Angie's List: First tooth means first visit to the dentist
Nip phobias by starting dental checkups early
12:21 PM, Feb 7, 2013
TAMPA - Clark Rehme has horrible memories of childhood visits to the dentist. "I am going to be honest with you. When I was a kid I would always throw up when I went to the dentist. Actually it was pretty much a regular occurrence," he said. Rehme is not alone. According to the American Dental Association, three out of four people have a fear of the dentist, and 10 percent of those fears turn into phobias. But Rehme was determined not to pass those fears along to his little girl. "Reagan is almost 19 months and we decided to go ahead and bring her to the dentist at the age of 12-14 months."
A pediatric dentist is the best bet for your child's first few dental visit experiences. A pediatric dentist has the training and experience in working with kids. You'll want a dentist who is sensitive to your child's needs and can make the appointment as positive an experience as possible. Take your child to the dentist early to ease any fears and teach them good dental habits. Schedule your child for an oral health screening by her first birthday.
Angie's List founder, Angie Hicks, says there are a number of resources available when looking for a dentist for your kids. "When choosing a dentist for your children you want to do your research. Check their credentials. Talk to family and friends Check reviews and what other patients have said about them. Also, visit them. Take your child with you to make sure your child is going to feel comfortable when they do actually have their cleaning."
"The first visit is really just a wonderful time to introduce the child and the parent to what we call the child's dental home," said Pediatric Dentist, Dr. Charles Poland. "A dental home should be some place that the child and the parent feel comfortable. It should be accessible. It should be compassionate to the culture needs of the family. Most of all it should be where the child can learn about dentistry and be taught to be comfortable in a dental office without all the fears and apprehensions that frankly many parents still have."
Parents might feel that baby teeth are not important. After all, they're just going to fall out in a few years anyway. But dentists see baby teeth as vital to your child's overall health. Healthy baby teeth allow your child to chew and eat properly. They help your child speak clearly. They shape your baby's face and guide adult teeth into place. "About 30 percent of 3 year olds come to the dentist with tooth decay," Dr. Poland said. "Those are the kids you wish you'd gotten to at 12-15 months and had an opportunity to talk to the parents about successful preventative dentistry."
Dental decay in baby teeth affects your child's overall health. Of course, cavities can be painful. They can interfere with your child's ability to eat well. And dental disease can affect your child's overall health and development. Protect your baby from germs that cause tooth decay. Don't put food, pacifiers, utensils in your mouth and then in your baby's mouth. Many parents "clean" pacifiers by putting them in their mouths and then giving them back to their babies, but cavity-causing germs are easily passed to infants and toddlers this way. Germs can also be shared when parents test food or share utensils with their child. No matter how careful you are, your baby will get some of your germs, so keeping the germs down by taking care of your oral health is important.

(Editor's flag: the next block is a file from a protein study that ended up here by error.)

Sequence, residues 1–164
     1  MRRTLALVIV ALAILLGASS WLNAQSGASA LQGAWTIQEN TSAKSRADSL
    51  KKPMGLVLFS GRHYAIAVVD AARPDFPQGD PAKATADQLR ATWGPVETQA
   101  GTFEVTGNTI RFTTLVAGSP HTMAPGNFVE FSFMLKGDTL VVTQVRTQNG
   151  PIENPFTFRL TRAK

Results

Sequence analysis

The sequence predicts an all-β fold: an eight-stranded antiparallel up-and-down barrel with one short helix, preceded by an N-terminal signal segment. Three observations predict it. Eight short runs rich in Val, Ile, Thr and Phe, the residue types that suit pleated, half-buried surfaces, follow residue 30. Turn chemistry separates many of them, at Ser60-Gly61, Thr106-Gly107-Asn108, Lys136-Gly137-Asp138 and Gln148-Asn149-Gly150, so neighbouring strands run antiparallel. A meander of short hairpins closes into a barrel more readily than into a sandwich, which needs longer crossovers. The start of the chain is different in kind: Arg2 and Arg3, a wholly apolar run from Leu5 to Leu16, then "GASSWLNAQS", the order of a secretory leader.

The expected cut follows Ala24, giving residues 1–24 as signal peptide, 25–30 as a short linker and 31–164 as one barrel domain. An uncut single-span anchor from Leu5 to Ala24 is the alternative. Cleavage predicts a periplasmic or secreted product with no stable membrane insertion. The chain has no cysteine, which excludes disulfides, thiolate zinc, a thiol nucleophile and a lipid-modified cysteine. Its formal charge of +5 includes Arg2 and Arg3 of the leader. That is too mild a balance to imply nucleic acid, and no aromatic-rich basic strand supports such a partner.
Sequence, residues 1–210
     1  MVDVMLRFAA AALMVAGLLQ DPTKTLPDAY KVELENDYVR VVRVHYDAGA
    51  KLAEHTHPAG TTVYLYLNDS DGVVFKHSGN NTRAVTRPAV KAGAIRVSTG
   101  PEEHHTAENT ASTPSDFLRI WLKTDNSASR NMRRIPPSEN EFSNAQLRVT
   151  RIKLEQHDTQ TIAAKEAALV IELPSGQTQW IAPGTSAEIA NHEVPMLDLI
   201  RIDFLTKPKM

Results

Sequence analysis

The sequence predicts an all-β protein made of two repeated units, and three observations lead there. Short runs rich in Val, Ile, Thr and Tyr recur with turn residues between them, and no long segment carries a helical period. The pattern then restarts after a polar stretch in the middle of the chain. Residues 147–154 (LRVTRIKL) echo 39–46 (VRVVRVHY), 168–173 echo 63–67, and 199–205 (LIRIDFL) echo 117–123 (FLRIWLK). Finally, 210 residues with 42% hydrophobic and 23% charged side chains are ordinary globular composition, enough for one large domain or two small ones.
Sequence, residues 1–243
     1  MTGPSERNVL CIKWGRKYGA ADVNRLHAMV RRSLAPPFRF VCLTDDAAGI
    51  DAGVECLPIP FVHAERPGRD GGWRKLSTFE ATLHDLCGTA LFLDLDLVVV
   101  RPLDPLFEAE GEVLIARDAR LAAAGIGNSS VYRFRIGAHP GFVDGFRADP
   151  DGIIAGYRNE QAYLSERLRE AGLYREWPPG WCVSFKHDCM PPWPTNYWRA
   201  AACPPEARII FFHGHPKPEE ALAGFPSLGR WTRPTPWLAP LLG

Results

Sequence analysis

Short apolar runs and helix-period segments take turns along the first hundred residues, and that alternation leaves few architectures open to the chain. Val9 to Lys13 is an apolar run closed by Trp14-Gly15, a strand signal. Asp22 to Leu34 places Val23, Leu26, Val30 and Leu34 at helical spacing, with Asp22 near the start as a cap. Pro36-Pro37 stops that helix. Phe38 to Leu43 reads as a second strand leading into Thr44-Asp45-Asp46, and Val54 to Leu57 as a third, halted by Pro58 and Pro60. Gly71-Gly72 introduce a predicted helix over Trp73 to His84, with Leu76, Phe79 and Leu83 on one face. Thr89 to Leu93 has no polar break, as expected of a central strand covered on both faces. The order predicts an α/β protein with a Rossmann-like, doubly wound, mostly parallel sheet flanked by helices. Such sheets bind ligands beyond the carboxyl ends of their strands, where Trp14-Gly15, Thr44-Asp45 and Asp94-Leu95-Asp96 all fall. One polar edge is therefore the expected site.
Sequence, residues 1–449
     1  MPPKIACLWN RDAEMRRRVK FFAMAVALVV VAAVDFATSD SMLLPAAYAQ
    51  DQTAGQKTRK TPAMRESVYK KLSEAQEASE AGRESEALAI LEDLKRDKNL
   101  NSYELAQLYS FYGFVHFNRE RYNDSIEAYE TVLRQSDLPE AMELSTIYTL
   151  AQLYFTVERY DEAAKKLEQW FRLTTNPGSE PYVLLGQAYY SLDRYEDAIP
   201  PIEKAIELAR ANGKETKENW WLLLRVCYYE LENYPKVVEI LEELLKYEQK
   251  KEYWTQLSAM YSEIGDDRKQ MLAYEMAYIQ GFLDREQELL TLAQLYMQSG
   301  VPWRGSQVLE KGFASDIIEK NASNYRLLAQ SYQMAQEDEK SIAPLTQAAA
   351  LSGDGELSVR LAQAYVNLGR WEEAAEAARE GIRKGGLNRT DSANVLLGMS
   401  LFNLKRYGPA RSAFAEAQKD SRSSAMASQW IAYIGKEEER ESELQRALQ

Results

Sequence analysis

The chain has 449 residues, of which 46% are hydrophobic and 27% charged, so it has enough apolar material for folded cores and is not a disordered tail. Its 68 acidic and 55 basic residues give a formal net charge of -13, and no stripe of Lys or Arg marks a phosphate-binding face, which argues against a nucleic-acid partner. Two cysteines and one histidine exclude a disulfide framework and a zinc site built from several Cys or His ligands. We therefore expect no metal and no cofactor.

Get Started with cleaning before teeth begin to come in. Gently clean your baby's gums with a clean soft cloth after each feeding. This will help your baby get used to having their gums (and later teeth) cleaned. As soon as your baby's teeth start to come in, begin to clean their teeth and gums with a small soft toothbrush and a smear of fluoridated toothpaste — about as big as a grain of rice.
Tips to Make Cleaning Easier
Try placing your baby's head in your lap to make it easier to brush. Gently stabilize your baby's head. Lift or lightly press your baby's lips away from the teeth.
Use a small soft toothbrush.
Brush every surface of your baby's teeth. Move the brush in tiny circles. You can use a clean damp cloth instead of a brush if you and your baby prefer.
Make brushing a positive experience. Sing songs or recite catchy rhymes with your child. You can even use a timer to let your child know when he or she is done brushing. Remember to use dental terms, like "toothbrush" and "toothpaste," to get your child used to hearing the words. Don't forget to model your own good brushing habits. Show your child that you practice the same healthy dental habits that you are encouraging your child to develop.
Choose your words carefully. You may lapse into describing a dental visit as an unpleasant obligation, but the words you use to explain the experience can either create or dispel anxiety for your child. Avoid using words like ‘drill,' ‘hurt' or ‘needle.' Keep the conversation positive and focused on the benefits of good dental health. A pediatric dentist might tell your child he is going to shine his smile, count her teeth, or tickle her gums.
Dr. Poland adds, "They learn that this is a fun thing that can be made easy and not something to be fearful of. Presenting the right terms to the child is really important. For instance, it's not uncommon for us to 'count the teeth.' We talk a lot about 'pizza chewers,' 'bean biters,' 'chicken nugget nibblers.' And we don't clean teeth here. We shine smiles. It's all kept in a positive fun kind of thing."
And even though little Reagan screams and squirms her way through these early dental visits, her dad knows he's helping her establish good habits in the long run. "You just kind of grit your teeth and bare it and it goes quick. Afterwards she is always fine. She cuddles up to the dentist and they make sure to give her a sticker and she likes that."